On April 1, J. C. Murray forwarded Rickard’s letter to Hiram Donkin, deputy minister of Nova Scotia’s Department of Mines, calling it “a very important and possibly painful communication.” Murray wrote that he planned to print Rickard’s letter because “If his communication is not published in the Canadian Mining Journal, it will be published elsewhere where it may do unlimited damage…Since the Journal is heart and soul in sympathy with the development of Nova Scotian gold mining, Rickard’s letter could not appear in any more suitable medium.”

Murray suggested he would also print “suitable comments when summing up the matter in a later issue.” He then asked Donkin to provide information that Murray could use in commenting on Rickard’s letter.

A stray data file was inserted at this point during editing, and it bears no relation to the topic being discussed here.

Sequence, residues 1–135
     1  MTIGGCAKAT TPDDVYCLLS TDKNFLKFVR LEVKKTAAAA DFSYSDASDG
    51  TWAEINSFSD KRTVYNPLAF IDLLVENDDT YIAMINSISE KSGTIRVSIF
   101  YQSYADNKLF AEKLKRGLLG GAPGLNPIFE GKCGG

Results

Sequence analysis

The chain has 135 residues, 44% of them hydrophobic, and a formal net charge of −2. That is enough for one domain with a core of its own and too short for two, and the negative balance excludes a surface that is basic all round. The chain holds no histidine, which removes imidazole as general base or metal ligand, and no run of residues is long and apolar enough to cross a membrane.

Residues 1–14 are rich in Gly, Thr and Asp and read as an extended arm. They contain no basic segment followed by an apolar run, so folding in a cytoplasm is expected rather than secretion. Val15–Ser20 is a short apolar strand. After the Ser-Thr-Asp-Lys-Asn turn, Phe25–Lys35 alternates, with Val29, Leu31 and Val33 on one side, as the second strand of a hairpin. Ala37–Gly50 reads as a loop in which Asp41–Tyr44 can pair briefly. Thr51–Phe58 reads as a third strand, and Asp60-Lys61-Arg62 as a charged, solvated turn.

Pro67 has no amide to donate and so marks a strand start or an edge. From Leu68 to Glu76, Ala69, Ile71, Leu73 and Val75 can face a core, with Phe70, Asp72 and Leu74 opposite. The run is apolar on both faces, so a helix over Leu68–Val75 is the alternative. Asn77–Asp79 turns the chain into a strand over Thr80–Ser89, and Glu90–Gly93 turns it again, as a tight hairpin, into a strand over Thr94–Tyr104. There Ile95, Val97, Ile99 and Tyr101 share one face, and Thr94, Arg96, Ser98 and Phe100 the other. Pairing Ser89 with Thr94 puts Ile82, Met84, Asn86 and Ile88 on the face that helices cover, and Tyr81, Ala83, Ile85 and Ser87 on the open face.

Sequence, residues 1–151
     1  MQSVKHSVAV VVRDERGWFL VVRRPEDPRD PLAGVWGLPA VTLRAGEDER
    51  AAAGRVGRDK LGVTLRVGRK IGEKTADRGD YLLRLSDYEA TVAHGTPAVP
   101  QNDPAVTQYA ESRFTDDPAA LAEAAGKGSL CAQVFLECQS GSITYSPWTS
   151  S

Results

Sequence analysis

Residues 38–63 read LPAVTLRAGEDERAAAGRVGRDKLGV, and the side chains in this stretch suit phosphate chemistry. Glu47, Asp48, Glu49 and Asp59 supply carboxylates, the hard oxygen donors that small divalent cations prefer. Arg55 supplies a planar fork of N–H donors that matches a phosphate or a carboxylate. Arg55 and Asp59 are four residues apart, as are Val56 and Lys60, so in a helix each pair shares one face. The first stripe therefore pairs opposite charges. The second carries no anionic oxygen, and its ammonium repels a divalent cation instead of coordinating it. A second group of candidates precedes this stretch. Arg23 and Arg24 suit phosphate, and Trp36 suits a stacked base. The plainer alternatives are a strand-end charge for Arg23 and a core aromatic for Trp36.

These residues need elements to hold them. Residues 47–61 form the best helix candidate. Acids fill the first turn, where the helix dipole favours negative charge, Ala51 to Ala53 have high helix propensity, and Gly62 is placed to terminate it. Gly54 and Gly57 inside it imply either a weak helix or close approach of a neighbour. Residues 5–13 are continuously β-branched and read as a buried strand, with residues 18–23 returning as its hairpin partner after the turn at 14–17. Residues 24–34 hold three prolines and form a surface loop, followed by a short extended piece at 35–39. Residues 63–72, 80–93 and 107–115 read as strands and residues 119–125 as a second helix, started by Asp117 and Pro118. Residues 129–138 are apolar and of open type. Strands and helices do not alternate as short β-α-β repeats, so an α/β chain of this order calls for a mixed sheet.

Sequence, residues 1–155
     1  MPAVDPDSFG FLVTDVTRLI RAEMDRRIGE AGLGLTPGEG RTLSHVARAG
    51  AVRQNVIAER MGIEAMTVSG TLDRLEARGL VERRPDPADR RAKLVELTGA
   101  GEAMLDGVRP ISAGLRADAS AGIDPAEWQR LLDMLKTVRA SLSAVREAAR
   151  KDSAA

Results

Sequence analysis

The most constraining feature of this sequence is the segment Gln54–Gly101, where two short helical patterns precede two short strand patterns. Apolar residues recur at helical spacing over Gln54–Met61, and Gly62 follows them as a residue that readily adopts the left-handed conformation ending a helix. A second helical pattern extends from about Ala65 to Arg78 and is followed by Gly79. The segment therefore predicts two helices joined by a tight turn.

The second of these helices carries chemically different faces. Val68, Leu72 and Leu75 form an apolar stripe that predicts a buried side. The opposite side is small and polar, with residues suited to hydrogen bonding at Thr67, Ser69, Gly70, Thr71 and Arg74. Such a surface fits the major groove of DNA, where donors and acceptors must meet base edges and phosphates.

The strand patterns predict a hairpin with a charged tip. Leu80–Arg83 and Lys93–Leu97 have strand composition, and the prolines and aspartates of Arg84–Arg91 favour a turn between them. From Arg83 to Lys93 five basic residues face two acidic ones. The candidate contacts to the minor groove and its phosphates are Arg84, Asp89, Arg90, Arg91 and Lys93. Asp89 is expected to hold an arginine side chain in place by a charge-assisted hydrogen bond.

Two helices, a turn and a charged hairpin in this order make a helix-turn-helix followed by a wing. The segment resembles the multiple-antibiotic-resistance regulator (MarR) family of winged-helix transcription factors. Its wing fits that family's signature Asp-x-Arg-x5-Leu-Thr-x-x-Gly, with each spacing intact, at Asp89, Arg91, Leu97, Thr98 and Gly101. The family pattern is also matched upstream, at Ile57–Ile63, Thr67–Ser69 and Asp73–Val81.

Murray said he had previously seen Rickard’s report and “It aroused neither my admiration nor my respect. In fact I consider it the poorest work that I have ever known him to do. It was superficial, hasty, and smacked too much of smartness.” Rickard’s report was “not only totally inadequate, but more or less piffling.”

Donkin wrote back on April 8, providing Murray with various documents in response to Rickard’s letter. However, Donkin’s final sentence expressed the hope that “some way might be found of avoiding the necessity of publishing Mr. Rickard’s letter at the present time.” The government was still concerned that Rickard’s negative opinion of Nova Scotia’s gold deposits would harm the industry.

In other letters written that April to Donkin, Murray said that word of Rickard’s report was circulating in the industry, and that Rickard’s views were harming the province’s reputation. Murray felt it was better for Nova Scotia’s mining industry to have the issue aired, saying, “I am still confident that no one will regret the publication of Mr. Rickard’s letter but himself.”